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Chipmaker steps in to 3D graphics ring

Canadian graphics hardware and software maker Matrox jumps back into the market for 3D chip technology in an effort to steal some thunder from competitors.

Canadian graphics hardware and software maker Matrox on Wednesday jumped back into the market for 3D chip technology in an effort to steal some thunder from competitors Nvidia and ATI Technologies.

Matrox, based in Dorval, Quebec, unveiled the Parhelia-512, a 2D, 3D and DVD-video graphics processing unit (GPU) that includes a 256-bit DDR (double data rate) memory interface which provides more than 20GB per second of bandwidth.

Nvidia and ATI have gone head-to-head in the market for gamers and high-end computer-aided designers, while Matrox of late has focused on 2D graphics technology. With its new product, Matrox says it is ready to take on the competition in the high-end market.

The name of the chip "Parhelia" was inspired by the Greek word "parhelion," which describes a bright spot that can appear on either side of the sun, similar to a halo. Matrox says these bright spots suggest visual quality, performance and innovation; perhaps intentionally, the name could also refer to Parhelia-512's support for side-by-side displays for "surround gaming."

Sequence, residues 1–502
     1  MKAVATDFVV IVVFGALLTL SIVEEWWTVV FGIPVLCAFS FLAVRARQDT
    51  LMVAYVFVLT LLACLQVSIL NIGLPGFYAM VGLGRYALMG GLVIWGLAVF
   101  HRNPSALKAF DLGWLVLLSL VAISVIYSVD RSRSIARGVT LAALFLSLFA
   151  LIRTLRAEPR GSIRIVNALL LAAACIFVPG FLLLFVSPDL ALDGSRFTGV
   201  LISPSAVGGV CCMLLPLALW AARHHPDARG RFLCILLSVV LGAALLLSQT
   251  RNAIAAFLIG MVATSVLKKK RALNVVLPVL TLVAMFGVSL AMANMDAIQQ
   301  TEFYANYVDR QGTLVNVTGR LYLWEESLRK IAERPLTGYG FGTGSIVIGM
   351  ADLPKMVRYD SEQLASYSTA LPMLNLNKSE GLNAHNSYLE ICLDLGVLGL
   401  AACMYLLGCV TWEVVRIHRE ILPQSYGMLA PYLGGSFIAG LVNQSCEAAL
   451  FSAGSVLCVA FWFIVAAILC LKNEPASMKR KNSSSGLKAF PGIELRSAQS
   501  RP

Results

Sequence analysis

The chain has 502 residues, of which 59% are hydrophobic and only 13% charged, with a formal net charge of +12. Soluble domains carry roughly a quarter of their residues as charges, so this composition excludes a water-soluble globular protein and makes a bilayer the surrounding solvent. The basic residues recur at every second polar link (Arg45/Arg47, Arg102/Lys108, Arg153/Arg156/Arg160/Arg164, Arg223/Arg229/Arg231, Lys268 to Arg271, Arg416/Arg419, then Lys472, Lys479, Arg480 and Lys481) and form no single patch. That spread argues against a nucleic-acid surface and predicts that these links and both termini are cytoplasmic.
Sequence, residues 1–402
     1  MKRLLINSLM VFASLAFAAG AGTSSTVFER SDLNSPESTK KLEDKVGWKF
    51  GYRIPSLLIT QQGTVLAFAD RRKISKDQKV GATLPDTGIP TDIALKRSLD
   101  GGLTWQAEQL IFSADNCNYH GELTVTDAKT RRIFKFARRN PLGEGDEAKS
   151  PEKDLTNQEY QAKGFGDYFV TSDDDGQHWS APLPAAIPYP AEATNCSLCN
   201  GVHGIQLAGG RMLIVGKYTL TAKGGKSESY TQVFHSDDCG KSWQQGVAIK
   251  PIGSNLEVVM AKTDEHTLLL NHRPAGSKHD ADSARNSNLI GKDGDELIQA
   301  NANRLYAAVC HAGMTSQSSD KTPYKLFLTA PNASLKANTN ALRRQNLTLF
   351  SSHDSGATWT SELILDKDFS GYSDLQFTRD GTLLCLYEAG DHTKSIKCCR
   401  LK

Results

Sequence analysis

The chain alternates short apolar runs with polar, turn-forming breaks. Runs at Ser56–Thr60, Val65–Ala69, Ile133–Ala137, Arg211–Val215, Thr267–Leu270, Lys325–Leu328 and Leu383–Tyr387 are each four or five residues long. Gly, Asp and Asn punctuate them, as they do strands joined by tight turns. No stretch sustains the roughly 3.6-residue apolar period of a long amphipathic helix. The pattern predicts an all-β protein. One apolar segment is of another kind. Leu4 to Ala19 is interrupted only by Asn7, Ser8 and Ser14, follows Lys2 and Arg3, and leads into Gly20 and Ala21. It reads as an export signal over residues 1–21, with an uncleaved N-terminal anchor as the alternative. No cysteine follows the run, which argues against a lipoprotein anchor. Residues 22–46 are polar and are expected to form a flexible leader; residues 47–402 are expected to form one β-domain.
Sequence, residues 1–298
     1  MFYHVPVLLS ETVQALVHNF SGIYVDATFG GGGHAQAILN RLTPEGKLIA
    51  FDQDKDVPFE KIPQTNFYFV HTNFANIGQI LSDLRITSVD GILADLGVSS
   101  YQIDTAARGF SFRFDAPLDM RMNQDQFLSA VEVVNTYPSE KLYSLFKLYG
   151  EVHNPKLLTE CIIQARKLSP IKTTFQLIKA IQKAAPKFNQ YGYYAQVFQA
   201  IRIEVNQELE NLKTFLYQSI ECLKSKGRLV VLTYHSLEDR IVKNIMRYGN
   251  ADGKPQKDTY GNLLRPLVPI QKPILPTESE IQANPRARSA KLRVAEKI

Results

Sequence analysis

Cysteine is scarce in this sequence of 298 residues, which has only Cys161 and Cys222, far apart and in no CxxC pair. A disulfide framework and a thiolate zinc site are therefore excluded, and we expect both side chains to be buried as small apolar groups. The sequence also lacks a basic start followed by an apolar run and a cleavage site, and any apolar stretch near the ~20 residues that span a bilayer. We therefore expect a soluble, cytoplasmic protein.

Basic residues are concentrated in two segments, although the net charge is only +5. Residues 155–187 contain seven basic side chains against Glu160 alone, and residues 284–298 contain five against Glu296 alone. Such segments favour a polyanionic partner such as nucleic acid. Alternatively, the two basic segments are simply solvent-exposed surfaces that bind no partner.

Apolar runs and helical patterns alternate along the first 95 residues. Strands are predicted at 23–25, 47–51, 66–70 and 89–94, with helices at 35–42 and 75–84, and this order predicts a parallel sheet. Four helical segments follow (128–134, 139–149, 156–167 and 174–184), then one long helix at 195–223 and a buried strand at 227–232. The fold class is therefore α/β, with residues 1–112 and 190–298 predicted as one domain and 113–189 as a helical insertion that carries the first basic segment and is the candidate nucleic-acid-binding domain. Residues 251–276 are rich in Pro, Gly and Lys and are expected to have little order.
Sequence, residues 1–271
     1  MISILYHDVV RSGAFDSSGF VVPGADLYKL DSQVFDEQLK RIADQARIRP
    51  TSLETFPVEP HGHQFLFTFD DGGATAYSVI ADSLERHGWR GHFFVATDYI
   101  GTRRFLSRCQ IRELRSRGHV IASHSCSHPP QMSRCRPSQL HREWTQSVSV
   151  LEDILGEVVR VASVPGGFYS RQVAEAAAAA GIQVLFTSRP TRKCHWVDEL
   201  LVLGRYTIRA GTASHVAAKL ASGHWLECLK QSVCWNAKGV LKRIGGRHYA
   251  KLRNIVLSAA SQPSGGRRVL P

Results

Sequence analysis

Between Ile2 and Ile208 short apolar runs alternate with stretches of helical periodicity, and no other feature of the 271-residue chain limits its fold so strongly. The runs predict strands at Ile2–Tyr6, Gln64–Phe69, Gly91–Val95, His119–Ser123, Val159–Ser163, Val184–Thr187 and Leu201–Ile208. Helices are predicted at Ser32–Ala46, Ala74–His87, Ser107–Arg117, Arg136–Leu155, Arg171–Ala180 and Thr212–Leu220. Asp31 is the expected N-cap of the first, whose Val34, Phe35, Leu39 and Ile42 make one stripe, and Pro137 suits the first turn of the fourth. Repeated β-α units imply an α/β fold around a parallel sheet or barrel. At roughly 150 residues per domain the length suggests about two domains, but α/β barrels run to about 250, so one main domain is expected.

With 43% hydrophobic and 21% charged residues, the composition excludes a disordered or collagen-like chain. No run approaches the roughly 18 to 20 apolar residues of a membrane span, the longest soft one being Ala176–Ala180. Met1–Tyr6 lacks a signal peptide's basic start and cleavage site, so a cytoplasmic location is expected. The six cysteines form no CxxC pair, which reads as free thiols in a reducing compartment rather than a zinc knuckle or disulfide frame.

Matrox will ship Parhelia-512 cards in early July. Pricing has not been finalized, but 128MB cards are expected to cost approximately $400.

Nvidia's most recent GPUs are Quadro4, for the professional market, and GeForce4, for mainstream products. Meanwhile, ATI has been losing market share steadily to Nvidia, and in March announced plans to expand into the challenging PC chipset market.

ZDNet U.K.'s Matthew Broersma reported from London.